My first few days in a CrossFit gym were ugly and I, almost, quit early on in the process. It didn’t help that the, original, gym I found, started going downhill several years into my fitness journey. There was a revolving door of members and coaches and, most of the coaches, didn’t even bother to Google MS, so I started to feel, incredibly, isolated. I found myself going back to the, original, message board mentality that I was never going to be successful at anything meaningful, ever again. I contemplated quitting, but then I found online adaptive fitness outlets and, slowly, adaptive fitness became a part of CrossFit, on a much larger scale.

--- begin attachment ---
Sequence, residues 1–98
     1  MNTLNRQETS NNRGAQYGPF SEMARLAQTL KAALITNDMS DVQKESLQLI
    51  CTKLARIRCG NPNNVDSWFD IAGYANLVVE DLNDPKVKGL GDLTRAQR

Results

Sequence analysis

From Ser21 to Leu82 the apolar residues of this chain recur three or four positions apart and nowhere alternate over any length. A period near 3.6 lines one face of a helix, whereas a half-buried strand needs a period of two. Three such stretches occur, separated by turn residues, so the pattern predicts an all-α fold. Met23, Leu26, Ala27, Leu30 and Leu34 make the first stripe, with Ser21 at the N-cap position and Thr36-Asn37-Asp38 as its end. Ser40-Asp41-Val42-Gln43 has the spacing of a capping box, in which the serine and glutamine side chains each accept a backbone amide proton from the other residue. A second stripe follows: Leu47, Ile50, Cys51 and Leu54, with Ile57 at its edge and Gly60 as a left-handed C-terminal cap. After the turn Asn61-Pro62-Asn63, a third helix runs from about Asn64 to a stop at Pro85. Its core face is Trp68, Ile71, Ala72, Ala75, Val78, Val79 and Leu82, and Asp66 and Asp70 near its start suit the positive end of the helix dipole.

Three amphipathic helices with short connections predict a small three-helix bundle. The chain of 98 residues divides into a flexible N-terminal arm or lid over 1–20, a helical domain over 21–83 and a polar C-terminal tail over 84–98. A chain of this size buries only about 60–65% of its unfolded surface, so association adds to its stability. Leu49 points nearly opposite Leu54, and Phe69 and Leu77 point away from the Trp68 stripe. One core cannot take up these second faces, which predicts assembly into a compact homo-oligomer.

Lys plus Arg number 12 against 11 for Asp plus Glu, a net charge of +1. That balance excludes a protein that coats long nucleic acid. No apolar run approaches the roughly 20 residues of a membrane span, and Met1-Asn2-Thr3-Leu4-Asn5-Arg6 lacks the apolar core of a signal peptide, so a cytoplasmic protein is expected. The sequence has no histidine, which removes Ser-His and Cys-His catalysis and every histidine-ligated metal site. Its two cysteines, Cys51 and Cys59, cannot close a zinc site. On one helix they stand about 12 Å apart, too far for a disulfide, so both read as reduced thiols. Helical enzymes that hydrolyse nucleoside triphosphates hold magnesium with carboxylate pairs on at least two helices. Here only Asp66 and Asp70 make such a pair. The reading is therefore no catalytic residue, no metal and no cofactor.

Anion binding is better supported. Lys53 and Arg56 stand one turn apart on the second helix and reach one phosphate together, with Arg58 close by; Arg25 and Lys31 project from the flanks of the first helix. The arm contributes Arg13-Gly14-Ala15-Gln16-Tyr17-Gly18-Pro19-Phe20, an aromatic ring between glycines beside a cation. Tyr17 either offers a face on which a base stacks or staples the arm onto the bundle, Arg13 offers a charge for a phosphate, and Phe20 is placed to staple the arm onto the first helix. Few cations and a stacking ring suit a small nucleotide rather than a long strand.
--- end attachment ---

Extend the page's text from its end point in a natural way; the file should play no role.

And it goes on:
CrossFit unveiled the first adaptive divisions for the CrossFit Open, in 2021 and last year, five female and five male neuromuscular athletes competed on the floor, in Madison, Wisconsin (USA) at the CrossFit Games. Brett Horchar won the men’s neuromuscular division. He’s several years younger than me, but we were diagnosed around the same age and, thankfully, in this modern era he had a, completely, different experience. Instead of going straight home, he went straight back to the gym. He refused to stop his fitness routine, but I like to think it’s because no one gave him a brochure. I like to think those brochures don’t exist anymore. As for me, I’ll leave the Games floor to others, but I found a new (and way more supportive) CrossFit gym, a few years ago, and I just completed coursework through the Adaptive Training Academy and can now call myself an Adaptative and Inclusive Trainer. I don’t know if I’ll ever end up using those credentials to train other adaptive athletes, but after everything I’d been through with my own fitness journey; attending that in-person seminar and passing the exam felt like a full-circle experience. As I tell people, I’m still not “good” at CrossFit and there are some movements I will have to adapt for the rest of my life, but I don’t sit around feeling sorry for myself, anymore. Those days are over.